Zhu (2013) tests the value-chain framework using the DEA network model to evaluate the innovation efficiency of 13 cities in the Province of Jiangsu in China. The results of the study show that upstream R&D efficiency does not show any relation with downstream technological commercialization efficiency; the latter plays a more important contribution to overall innovation efficiency than the former.
This paper has shown that value chain analysis is an effective way to examine the interaction among different players in a given industry. Although all business firms are part of the value-creating network, some firms have greater influence than others. R&D efficiency, as evaluated within the value-chain framework, does not relate to operational efficiency or technological commercialization efficiency. Basically, Porter’s value chain model provides useful but only partial understanding of value creation in supply chain relationship. Industrial upgrading in the context of global value chain emphasizes the importance of international linkages. Porter’s “closed-economy” model has not realistically taken into consideration globalization that increased the mobility of trade, investment and knowledge beyond national borders. This situation is confirmed, for instance, by the finding that small and medium enterprises in the Indonesian furniture industry have benefited from this global value chains. Furthermore, in global production networks, global flagships (e.g. original equipment manufacturers and global contract manufacturers) dominate such networks because of their capacity for system integration (Ernst, 2004; Pavitt, 2003). Services such as transport and warehousing, banking, insurance, business services and communication services complement global goods production.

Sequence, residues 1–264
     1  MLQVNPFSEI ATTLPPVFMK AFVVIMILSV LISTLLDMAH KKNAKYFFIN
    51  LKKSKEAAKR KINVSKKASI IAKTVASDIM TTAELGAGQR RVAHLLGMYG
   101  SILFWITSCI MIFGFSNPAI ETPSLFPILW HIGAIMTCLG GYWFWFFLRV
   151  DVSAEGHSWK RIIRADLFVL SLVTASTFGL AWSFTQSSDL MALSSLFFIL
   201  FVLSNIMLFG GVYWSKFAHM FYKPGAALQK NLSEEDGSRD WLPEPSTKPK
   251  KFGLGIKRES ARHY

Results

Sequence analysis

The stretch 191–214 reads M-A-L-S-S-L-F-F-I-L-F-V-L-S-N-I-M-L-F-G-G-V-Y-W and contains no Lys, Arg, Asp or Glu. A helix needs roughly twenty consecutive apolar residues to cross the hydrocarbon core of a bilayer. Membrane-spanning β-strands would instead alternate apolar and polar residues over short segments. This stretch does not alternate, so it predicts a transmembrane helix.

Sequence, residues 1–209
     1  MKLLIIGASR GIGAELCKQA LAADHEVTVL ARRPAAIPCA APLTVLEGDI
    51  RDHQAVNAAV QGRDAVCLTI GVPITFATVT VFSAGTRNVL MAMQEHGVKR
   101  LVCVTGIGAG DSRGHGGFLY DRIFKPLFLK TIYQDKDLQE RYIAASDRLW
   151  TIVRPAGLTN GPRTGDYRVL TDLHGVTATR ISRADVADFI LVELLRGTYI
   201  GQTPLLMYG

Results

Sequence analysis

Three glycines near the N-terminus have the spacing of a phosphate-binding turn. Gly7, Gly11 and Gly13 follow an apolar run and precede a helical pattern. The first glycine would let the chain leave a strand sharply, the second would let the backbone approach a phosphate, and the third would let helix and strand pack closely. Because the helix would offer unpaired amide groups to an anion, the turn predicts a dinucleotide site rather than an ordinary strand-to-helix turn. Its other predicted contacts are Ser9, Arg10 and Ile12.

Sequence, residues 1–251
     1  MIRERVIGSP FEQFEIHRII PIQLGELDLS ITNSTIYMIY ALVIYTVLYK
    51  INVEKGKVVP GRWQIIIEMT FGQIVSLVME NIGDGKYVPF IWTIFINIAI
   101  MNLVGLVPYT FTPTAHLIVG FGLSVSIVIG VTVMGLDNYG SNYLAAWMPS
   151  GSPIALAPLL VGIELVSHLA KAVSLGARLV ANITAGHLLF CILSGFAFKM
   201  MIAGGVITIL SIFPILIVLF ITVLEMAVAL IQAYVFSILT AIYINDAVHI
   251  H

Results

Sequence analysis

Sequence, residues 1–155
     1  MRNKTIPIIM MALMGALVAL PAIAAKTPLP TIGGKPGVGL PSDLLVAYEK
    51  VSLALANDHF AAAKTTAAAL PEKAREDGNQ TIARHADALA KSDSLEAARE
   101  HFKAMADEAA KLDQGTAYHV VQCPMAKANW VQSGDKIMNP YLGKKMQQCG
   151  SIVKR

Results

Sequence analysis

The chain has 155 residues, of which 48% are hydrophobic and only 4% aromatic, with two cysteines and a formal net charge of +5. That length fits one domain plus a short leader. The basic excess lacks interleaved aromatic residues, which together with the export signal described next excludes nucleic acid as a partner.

IV. Areas for Future Research
There is a proliferation of early works on value chains and value chain analysis as shown in this literature review. Reflecting on the range of publications, it may be surmised that value chain analysis is a useful and practical approach to understanding relationships, components and actors within a sector or industry, whether from a local perspective or a global point of view. A closer look at the researches included in this brief review will show the diversity of application of value chain analysis and its variants and extensions.
The traditional or Porter view of value chain analysis is a good starting point for any study of value chains but it has shortcomings, which can be addressed by examining activities spread over several countries in a particular industry within a global value chain framework. Future research could examine the global value chain in selected industries such as furniture, textile and apparel, and consumer electronics.
In addition, there are findings from studies using value chain analysis that need validation. There are also issues associated with the value chain analysis model itself that need to be further investigated and addressed. This literature review is by no means complete. It is in fact part of an ongoing research meant to formulate propositions and/or hypotheses with respect to specific unresolved issues related to value chains and value chain analysis. With an expanded literature review, meta-analysis could be performed to gain better understanding of the status of value chain analysis as a research method and a tool for policy and decision-making, at the level of the firm, the industry, and the broader global community.